Betsey Johnson's boutique is credited with helping revive Melrose in the 1980s, and the designer continues to sell her dresses and tops throughout the world. But her premium jeans have turned out to be a dud for Innovo Group Inc.
The City of Commerce-based clothing manufacturer inked a four-year deal in 2004 with Betsey Johnson licensor B.J. Vines Inc. to manufacture a Johnson line of jeans and related tops for high-end department and specialty stores.
According to the licensing agreement, Innovo expected sales of Johnson's apparel to total between $2.5 million and $5.5 million, which would have earned Johnson royalties of at least about $1.3 million. Instead, Innovo reported that six month sales of Johnson apparel totaled just $283,000 less than 1 percent of Innovo's revenues for the period.
Those results prompted Innovo, whose main business is in manufacturing private-label apparel products for American Eagle Outfitters Inc., Target Corp. and Kmart Corp., to pay B.J. Vines $350,000 to dissolve the licensing arrangement.
"(Betsey Johnson) is definitely a name recognized in this industry, which was why we got into it, but that doesn't necessarily translate into a denim brand that was going to gain traction," said Shane Whalen, Innovo's vice president of corporate development. "We experimented with it. It didn't work."
A spokeswoman for New York-based Betsey Johnson, which sells clothes at 41 branded stores, department stores and specialty locations, blamed the failure on Innovo and said that that the designer is looking for other denim manufacturers.
"Innovo didn't prove to have the ability to capitalize on our ever-expanding brand," said Allegra Baldwin, licensing brand manager for Betsey Johnson. "We are currently experiencing huge retail success with our other licensed products and seeing sales that are triple and even quadruple what we originally projected."
Betsey Johnson has licensed intimate apparel with Carole Hochman Designs, footwear with Titan Industries Ltd., watches with the Geneva Watch Co., and accessories and small leather goods with Daniel M. Friedman & Associates.
Paul Guez, a controlling stockholder of Innovo, and chief executive of Antik denim company Blue Holdings Inc., is a big Betsey Johnson fan. He helped orchestrate the failed agreement.
"I was excited to make the deal," recalled Guez. "I'm sorry it didn't work out between them."
A same-store sales decline doesn't seem like a reason to be upbeat, but executives at parent company Wendy's International Inc. were almost cheery when Baja Fresh reported a 1.7 dip in same-store sales for the second quarter.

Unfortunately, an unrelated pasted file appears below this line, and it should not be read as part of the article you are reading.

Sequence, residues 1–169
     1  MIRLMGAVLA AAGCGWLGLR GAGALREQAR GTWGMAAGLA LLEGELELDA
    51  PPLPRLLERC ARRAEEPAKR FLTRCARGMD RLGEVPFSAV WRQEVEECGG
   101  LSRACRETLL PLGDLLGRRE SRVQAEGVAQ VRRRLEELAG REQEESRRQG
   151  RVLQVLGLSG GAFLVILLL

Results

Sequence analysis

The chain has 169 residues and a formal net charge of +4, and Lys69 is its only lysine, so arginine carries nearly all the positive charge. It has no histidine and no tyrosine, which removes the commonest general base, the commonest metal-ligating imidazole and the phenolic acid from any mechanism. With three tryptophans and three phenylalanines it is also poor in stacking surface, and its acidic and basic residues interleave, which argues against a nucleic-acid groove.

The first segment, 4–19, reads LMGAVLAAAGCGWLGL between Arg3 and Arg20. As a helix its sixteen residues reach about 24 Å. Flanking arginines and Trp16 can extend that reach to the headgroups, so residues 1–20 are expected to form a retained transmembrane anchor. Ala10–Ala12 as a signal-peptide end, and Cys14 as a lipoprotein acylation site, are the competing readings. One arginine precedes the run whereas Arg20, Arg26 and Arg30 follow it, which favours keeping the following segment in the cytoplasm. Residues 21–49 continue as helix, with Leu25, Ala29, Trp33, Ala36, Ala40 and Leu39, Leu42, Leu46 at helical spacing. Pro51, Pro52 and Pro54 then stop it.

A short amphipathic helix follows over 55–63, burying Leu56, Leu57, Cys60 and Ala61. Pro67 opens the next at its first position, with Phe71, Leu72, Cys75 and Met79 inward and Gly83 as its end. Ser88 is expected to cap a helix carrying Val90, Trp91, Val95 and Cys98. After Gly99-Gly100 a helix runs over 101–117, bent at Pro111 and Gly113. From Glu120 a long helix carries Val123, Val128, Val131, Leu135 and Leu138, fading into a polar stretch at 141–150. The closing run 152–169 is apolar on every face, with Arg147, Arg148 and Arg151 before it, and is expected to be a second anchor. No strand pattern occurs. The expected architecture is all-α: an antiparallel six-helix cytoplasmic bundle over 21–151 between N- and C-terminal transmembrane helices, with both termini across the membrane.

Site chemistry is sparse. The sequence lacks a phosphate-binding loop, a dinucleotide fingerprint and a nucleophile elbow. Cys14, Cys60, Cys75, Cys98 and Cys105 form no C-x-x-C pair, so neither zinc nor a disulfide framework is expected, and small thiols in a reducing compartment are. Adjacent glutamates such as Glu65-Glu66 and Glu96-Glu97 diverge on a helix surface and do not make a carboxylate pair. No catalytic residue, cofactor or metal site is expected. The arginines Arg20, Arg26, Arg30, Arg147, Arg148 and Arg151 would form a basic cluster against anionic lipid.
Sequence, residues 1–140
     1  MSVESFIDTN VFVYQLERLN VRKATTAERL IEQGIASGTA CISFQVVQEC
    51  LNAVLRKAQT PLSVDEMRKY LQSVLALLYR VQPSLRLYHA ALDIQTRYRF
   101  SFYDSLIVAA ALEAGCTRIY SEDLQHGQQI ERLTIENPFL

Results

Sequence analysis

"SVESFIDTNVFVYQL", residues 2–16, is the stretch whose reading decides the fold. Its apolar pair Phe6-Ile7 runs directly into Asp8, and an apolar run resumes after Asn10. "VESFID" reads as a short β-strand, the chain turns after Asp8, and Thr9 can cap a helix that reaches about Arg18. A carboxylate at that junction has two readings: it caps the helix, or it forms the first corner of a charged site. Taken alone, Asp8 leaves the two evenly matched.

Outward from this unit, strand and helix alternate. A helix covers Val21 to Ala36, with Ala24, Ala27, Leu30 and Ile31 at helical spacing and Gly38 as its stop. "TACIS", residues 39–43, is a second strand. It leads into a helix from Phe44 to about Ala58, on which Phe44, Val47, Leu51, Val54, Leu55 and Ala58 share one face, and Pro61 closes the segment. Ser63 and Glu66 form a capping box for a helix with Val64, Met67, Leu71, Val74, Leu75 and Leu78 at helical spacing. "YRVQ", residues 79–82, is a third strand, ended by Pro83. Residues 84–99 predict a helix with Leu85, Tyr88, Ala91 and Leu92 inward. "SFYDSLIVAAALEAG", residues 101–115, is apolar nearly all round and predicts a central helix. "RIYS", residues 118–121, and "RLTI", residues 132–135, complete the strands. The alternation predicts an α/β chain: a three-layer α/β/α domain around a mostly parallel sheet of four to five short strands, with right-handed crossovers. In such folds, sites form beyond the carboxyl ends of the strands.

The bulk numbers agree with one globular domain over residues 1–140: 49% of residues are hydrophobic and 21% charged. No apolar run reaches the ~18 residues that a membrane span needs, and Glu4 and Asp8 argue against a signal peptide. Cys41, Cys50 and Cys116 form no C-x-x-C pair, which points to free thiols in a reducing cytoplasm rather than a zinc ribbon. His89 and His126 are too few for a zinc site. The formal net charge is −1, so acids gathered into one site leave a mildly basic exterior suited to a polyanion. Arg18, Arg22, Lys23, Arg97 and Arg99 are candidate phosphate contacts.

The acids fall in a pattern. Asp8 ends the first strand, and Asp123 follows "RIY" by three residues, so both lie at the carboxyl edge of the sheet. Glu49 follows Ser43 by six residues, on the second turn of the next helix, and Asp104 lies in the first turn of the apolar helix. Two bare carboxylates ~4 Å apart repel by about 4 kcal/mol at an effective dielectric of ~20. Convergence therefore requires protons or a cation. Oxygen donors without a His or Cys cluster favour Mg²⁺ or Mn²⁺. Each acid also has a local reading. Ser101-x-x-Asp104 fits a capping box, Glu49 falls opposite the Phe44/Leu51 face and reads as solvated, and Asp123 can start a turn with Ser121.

Wendy's was relieved that the Thousand Oaks-based chain of casual Mexican restaurants didn't match the 6.2 percent same-store sales slip of a year ago. The nation's No. 3 fast-food company chalked up the relative good news to a turnaround effort that includes revamping Baja Fresh's menu and installing new management.
"The results at Baja Fresh are beginning to show the improvement we expected to see this year, which is encouraging," Jack Schuessler, Wendy's chief executive, said in a statement.
Wendy's had set out on a growth strategy when it bought the chain for $275 million three years ago.
But after Baja Fresh struggled to produce sales outside of its California base, Wendy's pulled back the expansion and added just five units in the second quarter, bringing Baja Fresh's total to 303.
Brion Grube, Baja Fresh's new chief executive and a 15-year Wendy's veteran, has been spearheading Baja Fresh's menu changes. The chain added smoky chipotle chicken quesadillas and flautas to its menu during the quarter.
The changes have given revenues a boost. Wendy's reported that second-quarter revenues at its developing brands, which include Baja Fresh and a 19-unit Wendy's concept called Caf & #233; Express, increased 1.6 percent in the second quarter, to $54.3 million.
Tomdan Enterprises Inc. is paying all-time high prices for hamburger beef and that's quite a dilemma for Glendale-based company, because hamburgers are the signature product at its Original Tommy's restaurants.
Wholesale beef prices for Tommy's have gone up 12 percent from last year and 33 percent from two years ago.
"We don't have salads or chicken sandwiches to offset the price," said Brent Maire, general manager of the Original Tommy's chain. "It's a big thing."
So far, Tommy's hasn't pushed up the price of its hamburgers. Instead, the company has tried to increase efficiency in its 27 restaurants and negotiate for lower rates on other products, such as potatoes and paper supplies. The burger remains $1.65.
Maire is optimistic that beef prices won't get higher. Renewed importation of Canadian beef, which was halted in 2003 after mad cow disease was found in a Canadian herd, is expected to increase the supply of beef and temper prices.
*Staff reporter Rachel Brown can be reached by phone at (323) 549-5225, ext. 224, or by e-mail at firstname.lastname@example.org .
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